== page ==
Planning for retirement and keeping the family financially secure are responsibilities that military spouses often hold. This month, there are changes coming to a tool called the Thrift Savings Plan, giving military families a powerful new tool to invest for retirement.
For years, the Thrift Savings Plan (also known as TSP) has offered military members and federal employees an attractive set of low-cost investment options for building up retirement funds during their working years. Now the TSP Modernization Act is providing a new set of withdrawal options for generating flexible income in retirement.
Effective Sept. 15, TSP participants will be able to:
- Make multiple
- Select a mix of withdrawals,
- Remain in TSP after age 70 ½ , and
- Schedule flexible payments.
For those in the military, this is the second significant enhancement to the TSP in the last two years. With the implementation of the Blended Retirement System on Jan. 1, 2018, service members began receiving an automatic contribution to their TSP account equal to 1 percent of their base pay and matching contributions on the first 5 percent of their own pay invested in the TSP. (They earn a dollar-for-dollar match for the first 3 percent and 50 cents on the dollar up to the next 2 percent.)
At First Command, we enthusiastically promote the value of the TSP to our clients as part of our lifetime approach to financial planning. We believe the TSP should be the go-to option for service members investing for their future retirement and our Financial Advisors coach their clients accordingly.
How can you make the most of the TSP? Drawing on our decades of providing financial coaching, here are our top tips on getting the biggest benefit for your family.
- Start saving early by paying yourself first. Once you decide how much you should save each month, take that money out of each paycheck, before paying bills or making purchases. The easiest way to do this is with an automatic deduction going into your savings account.
- Capture the match. If you are in the Blended Retirement System, you’ll receive an automatic contribution to your TSP account equal to 1 percent of your base pay. But you should take maximum advantage of the program by earning matching contributions on the first 5 percent of your own pay invested in the TSP. Otherwise, you’re leaving free money on the table.
- Save windfalls. Set aside a portion of every small windfall that comes your way. Small savings today can pay off big in the years to come.
- Invest for the long term. Be sure to concentrate on investments best suited for building personal wealth. For most people, that typically means a broad participation in the stock market. Fear of potential stock market losses prompts many TSP participants to put their dollars in the G Fund, which is invested in short-term U.S. Treasury securities. It offers protection from loss of principal but delivers returns that may be below the rate of inflation. While the G Fund may look like a haven from losses in the near term, it may not deliver enough growth for service member families to meet all of their retirement wants and needs. Don’t invest too conservatively for a retirement that is likely decades away.
- Hire a coach. Even if you engage in all the right behaviors, we believe the TSP alone is not enough to achieve a secure retirement for most people. People need to be coached to pursue a long-term retirement plan. A knowledgeable Financial Advisor can coach you in the financial behaviors that will help you build assets throughout your working years, then transition from asset accumulation to asset distribution at retirement.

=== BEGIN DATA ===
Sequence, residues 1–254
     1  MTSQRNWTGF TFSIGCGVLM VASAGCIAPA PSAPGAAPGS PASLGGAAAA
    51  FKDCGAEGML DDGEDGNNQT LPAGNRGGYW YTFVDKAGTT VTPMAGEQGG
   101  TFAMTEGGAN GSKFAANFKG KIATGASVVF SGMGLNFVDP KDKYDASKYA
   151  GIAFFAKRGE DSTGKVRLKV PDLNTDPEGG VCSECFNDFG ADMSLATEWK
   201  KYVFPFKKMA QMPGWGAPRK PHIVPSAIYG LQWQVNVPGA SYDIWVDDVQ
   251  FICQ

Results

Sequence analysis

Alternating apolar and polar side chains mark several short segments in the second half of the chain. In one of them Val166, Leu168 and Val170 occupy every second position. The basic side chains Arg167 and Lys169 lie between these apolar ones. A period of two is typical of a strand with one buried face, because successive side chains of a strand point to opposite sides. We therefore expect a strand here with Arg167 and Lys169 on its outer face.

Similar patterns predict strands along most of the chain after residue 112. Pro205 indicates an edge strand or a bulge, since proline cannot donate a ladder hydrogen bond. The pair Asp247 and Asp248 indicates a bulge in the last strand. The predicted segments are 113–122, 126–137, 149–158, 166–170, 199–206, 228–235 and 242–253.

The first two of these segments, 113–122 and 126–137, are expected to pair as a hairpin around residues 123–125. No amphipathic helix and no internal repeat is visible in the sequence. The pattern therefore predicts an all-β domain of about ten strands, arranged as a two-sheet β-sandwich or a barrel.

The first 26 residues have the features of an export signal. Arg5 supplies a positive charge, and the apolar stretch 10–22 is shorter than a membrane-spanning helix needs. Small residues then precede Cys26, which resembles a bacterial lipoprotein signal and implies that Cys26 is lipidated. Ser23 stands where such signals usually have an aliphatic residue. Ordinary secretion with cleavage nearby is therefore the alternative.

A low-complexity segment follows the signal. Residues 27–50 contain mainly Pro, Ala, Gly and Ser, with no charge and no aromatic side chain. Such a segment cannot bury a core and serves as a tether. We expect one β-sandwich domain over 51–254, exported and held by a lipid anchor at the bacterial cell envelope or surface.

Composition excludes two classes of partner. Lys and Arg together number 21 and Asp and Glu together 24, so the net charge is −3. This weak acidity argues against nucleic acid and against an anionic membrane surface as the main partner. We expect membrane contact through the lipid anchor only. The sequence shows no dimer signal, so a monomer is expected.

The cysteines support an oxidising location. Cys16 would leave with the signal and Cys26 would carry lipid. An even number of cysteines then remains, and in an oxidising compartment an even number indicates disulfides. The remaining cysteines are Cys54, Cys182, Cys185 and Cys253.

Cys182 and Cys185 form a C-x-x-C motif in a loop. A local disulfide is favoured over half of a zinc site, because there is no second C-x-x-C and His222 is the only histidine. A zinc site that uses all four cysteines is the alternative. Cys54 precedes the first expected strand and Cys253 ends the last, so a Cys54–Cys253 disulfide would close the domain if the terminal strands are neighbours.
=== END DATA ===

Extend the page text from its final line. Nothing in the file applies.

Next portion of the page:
The Thrift Savings Plan just keeps getting better. And that is a fantastic tool for you to help your family reach their financial goals. When you have a strategy, you can pursue the lifestyle you envision in retirement.
©2019 First Command Financial Services, Inc. parent of First Command Financial Planning, Inc. (Member SIPC, FINRA), First Command Advisory Services, Inc., and First Command Insurance Services, Inc. Securities and brokerage services are offered by First Command Financial Planning, Inc., a broker-dealer. Financial planning and investment advisory services are offered by First Command Advisory Services, Inc., an investment adviser. Insurance products and services are offered by First Command Insurance Services, Inc. in all states except Montana, where as required by law, insurance products and services are offered by First Command Financial Services, Inc. (a separate Montana domestic corporation). A financial plan, by itself, cannot assure that retirement or other financial goals will be met.
First Command Financial Services, Inc. and its related entities are not affiliated with, authorized to sell or represent on behalf of or otherwise endorsed by any federal employee benefits programs referenced, by the U.S. government, or the U.S. armed forces.
TSP accounts have very low administrative and investment expenses. Expenses can have a significant impact on your investment returns over time.
Prior to requesting a rollover from your Thrift Savings Plan (TSP) account to an Individual Retirement Account (IRA), you should consider whether the rollover is suitable for you. There may be important differences in features, costs, services, withdrawal options and other important aspects between your TSP account and IRA.
Submitted by Mark Steffe, president and chief operating officer of First Command Financial Services, which coaches our Nation’s military families in their pursuit of financial security. Since 1958, First Command Financial Advisors have been shaping positive financial behaviors through face-to-face coaching with hundreds of thousands of client families.